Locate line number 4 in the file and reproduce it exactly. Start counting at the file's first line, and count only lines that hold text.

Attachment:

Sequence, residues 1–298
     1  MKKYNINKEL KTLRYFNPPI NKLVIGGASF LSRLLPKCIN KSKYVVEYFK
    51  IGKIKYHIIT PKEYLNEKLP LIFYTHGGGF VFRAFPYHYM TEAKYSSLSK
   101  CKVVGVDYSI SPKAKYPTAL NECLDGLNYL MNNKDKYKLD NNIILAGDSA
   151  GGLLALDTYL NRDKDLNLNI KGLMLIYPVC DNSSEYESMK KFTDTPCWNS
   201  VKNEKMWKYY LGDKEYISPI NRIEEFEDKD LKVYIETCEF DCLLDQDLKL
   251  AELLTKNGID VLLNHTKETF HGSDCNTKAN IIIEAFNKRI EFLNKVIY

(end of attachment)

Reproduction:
   101  CKVVGVDYSI SPKAKYPTAL NECLDGLNYL MNNKDKYKLD NNIILAGDSA